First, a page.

The phrase “unknown unknowns” was echoed throughout many of the talks, as several presenters spoke of the unprecedented change and entirely new situations that must be dealt with.
“[Climate change] is a grand experiment, done with a test subject of one, which should never be done in science,” Oberhauser said, referring to the Earth as the first and only case study available in assessing climate change’s impacts.
Kim Stanley Robinson, a world renowned science fiction writer best known for his Mars trilogy chronicling the settlement and terraforming of Mars while earth suffers from overpopulation and ecological disasters, gave the event’s keynote speech.
Robinson explained what his work led him to believe are the most viable options to reduce carbon dioxide in our atmosphere, like taxing carbon-producing products to reflect the impact it has on the environment. He encouraged opening one’s mind to geological engineering and broke down stigmas and misconceptions pervasive in the ongoing discussions on climate change mitigation.
“Social justice is a geological engineering technique, it is a technology … [Technology] isn’t just the machines, it’s not just the computers out of Silicon Valley. It is every system that we use,” Robinson said.
Robinson believes we need to find double goods in our current quandary, such as looking for ways to solve a problem that in itself solves another. For example, finding a way to solve the food crisis that also eliminates net carbon dioxide in the atmosphere.
Robinson discussed how granting women equal human rights can positively impact the climate by stabilizing populations, and went on to note how the average American uses 30 times more resources than a citizen in India.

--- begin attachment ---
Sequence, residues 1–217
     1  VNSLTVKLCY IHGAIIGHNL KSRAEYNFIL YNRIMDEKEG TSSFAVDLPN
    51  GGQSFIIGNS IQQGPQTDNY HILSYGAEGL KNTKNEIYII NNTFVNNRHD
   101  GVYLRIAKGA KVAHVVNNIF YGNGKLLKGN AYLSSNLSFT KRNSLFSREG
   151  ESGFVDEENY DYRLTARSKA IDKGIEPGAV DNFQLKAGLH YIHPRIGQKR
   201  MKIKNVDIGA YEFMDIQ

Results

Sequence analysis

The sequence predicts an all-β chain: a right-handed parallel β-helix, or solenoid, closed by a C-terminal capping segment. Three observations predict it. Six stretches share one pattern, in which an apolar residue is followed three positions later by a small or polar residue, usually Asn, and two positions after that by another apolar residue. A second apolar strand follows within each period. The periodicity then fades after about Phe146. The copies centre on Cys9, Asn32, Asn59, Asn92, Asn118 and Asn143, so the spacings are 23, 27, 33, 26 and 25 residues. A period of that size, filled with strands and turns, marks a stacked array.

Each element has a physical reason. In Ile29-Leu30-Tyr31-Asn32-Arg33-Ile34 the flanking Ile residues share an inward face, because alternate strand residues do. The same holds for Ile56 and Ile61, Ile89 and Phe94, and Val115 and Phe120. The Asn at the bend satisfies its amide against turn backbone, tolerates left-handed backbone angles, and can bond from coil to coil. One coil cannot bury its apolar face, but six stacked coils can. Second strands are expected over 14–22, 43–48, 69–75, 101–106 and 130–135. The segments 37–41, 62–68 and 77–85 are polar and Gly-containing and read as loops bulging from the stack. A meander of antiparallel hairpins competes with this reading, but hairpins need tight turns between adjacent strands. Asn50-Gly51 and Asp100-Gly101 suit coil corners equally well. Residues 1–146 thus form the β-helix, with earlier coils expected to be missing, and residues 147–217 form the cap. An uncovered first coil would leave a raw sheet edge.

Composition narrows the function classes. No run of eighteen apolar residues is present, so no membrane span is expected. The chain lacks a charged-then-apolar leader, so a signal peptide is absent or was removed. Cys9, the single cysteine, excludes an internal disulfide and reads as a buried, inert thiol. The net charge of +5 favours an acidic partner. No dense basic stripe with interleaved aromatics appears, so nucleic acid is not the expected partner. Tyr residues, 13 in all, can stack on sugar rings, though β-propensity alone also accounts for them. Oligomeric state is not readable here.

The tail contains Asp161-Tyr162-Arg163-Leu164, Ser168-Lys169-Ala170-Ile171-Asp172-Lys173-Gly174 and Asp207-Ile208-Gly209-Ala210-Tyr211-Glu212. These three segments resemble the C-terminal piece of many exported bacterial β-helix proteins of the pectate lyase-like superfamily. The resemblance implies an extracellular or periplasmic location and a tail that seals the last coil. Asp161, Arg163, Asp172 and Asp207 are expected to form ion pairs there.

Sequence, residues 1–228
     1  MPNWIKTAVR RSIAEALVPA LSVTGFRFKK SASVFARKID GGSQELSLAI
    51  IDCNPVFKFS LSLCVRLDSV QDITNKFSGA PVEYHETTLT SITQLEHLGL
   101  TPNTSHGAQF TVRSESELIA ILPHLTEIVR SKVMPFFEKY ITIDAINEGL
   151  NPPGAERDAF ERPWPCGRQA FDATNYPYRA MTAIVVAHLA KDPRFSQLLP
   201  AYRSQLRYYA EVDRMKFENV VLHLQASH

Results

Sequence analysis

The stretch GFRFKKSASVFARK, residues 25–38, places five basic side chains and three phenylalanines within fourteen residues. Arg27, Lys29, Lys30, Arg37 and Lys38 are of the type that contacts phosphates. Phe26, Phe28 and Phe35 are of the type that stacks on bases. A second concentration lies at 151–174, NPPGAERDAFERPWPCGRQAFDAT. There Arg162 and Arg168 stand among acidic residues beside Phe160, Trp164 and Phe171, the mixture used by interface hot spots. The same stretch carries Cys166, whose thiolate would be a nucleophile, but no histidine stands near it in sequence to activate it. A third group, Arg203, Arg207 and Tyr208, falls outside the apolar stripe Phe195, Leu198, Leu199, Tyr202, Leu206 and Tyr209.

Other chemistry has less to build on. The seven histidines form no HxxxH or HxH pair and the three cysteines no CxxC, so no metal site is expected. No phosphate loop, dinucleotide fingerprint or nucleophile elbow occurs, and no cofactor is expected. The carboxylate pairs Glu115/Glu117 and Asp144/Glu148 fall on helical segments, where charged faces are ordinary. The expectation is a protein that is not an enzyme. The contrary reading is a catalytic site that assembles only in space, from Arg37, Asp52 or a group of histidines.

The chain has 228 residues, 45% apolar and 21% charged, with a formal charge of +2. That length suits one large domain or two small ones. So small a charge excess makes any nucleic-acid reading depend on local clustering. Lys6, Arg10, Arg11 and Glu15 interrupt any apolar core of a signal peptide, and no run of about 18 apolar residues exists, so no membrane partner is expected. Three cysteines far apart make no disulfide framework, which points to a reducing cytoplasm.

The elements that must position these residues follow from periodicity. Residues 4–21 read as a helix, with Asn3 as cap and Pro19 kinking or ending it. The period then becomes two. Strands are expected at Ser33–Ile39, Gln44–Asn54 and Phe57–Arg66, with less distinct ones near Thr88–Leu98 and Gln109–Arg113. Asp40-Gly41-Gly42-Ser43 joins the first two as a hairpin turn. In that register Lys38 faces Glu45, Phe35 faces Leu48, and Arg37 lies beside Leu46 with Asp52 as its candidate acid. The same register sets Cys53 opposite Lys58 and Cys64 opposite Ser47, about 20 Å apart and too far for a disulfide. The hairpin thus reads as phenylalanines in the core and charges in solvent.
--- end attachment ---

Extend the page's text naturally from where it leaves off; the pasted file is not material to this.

“Although the human population is never really the main point of our environmental problem because different humans use different amounts of energy and carbon,” Robinson said. “The fewer people there are, the less pressure on the planet, but it also depends how those people live. If you live cleanly, the numbers aren’t the problem.”
He explained we often don’t think of human rights as part of solving the climate crisis, but the issue starts with people. If people aren’t getting the food they need, the housing, the education and the opportunities they deserve, we see the climate suffers as result.
Robbins humbly redirected most of the credit for the event to his staff and colleagues. He explained this is one of many showcases in an effort to fulfill the institute’s role in doing disruptive public education and outreach, where UW-Madison can increase its visibility and showcase the institute’s robust work.
“There are times where this gets extremely discouraging, it’s very easy to be glass half empty. We are cruising toward nearly catastrophic kinds of climate change. It can bring you down,” Robbins said. “What happens when you bring everyone together who cares about this … it kind of lifts you up. This is that kind of event.”
The Nelson Institute hopes to keep the momentum from this event rolling for the next 12 months, driving the work to ensure that this is the “Year of the Environment.”
State news and Science writer